"We are creating e-charging stations in our properties worldwide for the electric mobility of our employees," informs Felix Wenzel, Managing Partner of a. hartrodt. This is a further step on the path to sustainable business, which the medium-sized freight forwarder has been pursuing consistently and purposefully for years. Wenzel mentions Australia as an example: "In 2019, we installed a photovoltaic system with 228 solar panels on our warehouse roof in Sydney. Since then, our branch has been largely powered by solar electricity."
Drinking water dispensers and metal bottles
"In the organizations, we have to find local solutions," Wenzel emphasizes. All over the world, he encourages all managing directors at a. hartrodt to "deal with this". For example, drinking water dispensers or filter systems have been purchased in the offices in Italy, the Czech Republic, Poland, Romania and the USA, among others. While employees in Italy received metal bottles, employees in the USA are encouraged to use their own drinking vessels.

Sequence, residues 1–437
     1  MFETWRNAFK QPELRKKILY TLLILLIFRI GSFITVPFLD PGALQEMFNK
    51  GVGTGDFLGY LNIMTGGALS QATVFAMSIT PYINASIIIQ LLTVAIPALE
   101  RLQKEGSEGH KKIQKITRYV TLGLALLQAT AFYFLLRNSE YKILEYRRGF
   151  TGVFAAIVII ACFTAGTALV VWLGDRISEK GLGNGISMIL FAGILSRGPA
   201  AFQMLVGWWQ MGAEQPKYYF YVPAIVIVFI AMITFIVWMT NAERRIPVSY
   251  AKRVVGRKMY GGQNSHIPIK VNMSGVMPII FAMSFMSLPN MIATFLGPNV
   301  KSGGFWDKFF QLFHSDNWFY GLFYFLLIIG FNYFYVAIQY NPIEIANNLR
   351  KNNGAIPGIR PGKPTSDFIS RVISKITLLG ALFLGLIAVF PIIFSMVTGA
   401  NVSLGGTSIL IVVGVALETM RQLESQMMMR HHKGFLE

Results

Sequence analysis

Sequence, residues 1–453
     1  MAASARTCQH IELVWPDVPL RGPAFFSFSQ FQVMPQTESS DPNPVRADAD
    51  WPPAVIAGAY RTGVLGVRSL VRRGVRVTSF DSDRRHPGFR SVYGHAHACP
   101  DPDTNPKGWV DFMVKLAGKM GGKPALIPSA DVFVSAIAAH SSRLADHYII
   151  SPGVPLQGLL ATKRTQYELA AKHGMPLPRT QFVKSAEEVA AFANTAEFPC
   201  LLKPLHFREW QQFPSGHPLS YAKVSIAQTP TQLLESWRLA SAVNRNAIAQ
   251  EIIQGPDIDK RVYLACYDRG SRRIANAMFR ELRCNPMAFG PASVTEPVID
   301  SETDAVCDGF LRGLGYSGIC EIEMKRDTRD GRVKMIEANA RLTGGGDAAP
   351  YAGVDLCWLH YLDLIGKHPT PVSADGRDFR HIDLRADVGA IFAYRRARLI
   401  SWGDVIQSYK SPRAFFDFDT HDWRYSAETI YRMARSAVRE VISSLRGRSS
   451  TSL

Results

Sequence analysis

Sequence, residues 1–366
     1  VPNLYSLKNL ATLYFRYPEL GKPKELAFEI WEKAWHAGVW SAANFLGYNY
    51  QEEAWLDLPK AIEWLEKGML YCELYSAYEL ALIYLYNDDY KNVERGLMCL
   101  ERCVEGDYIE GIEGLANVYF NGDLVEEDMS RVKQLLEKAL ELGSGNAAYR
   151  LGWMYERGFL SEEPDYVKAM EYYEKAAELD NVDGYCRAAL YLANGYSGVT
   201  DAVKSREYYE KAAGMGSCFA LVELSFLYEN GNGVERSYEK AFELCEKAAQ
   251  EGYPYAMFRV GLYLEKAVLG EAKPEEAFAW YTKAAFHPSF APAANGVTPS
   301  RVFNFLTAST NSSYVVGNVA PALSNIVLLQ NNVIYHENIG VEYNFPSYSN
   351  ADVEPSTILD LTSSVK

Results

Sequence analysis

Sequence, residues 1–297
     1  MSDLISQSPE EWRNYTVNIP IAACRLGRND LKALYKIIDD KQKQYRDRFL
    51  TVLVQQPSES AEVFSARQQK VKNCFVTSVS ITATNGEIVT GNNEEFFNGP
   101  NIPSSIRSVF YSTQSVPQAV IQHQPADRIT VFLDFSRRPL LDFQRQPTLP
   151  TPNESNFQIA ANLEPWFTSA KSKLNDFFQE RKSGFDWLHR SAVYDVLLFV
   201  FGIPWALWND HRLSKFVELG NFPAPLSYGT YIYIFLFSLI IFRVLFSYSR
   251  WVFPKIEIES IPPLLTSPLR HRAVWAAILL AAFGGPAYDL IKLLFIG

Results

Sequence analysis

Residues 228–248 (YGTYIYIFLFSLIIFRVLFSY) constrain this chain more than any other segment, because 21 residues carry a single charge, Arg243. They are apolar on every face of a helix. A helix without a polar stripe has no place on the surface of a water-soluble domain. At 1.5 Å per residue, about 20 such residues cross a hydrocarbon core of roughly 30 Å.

Saving paper and electricity in the office
"We're just setting up complete paperless processes," Wenzel reports. After years of working in Australia and Asia, he notes in Europe: "I've never seen so much paper as here." But things are moving forward: In the Czech Republic and Romania, the number of printers has been cut by two thirds. In addition to reducing particulate matter in the office, this also saves on electricity consumption. This has been reduced in the USA since air conditioning systems were switched off at night and on weekends. In New York, Chicago and Los Angeles, a. hartrodt now largely archives documents only electronically on the CargoWise One supply chain platform.
For a. hartrodt, climate protection is more than mere lip service. The family-owned company has more than 8,000 trees planted every year through a tree sponsorship program and is committed to the careful use of natural resources as a Hamburg Environmental Partner. a. hartrodt has also been able to improve its carbon footprint at the other end of the world: In South Africa, diesel generators were replaced by battery-powered inverters.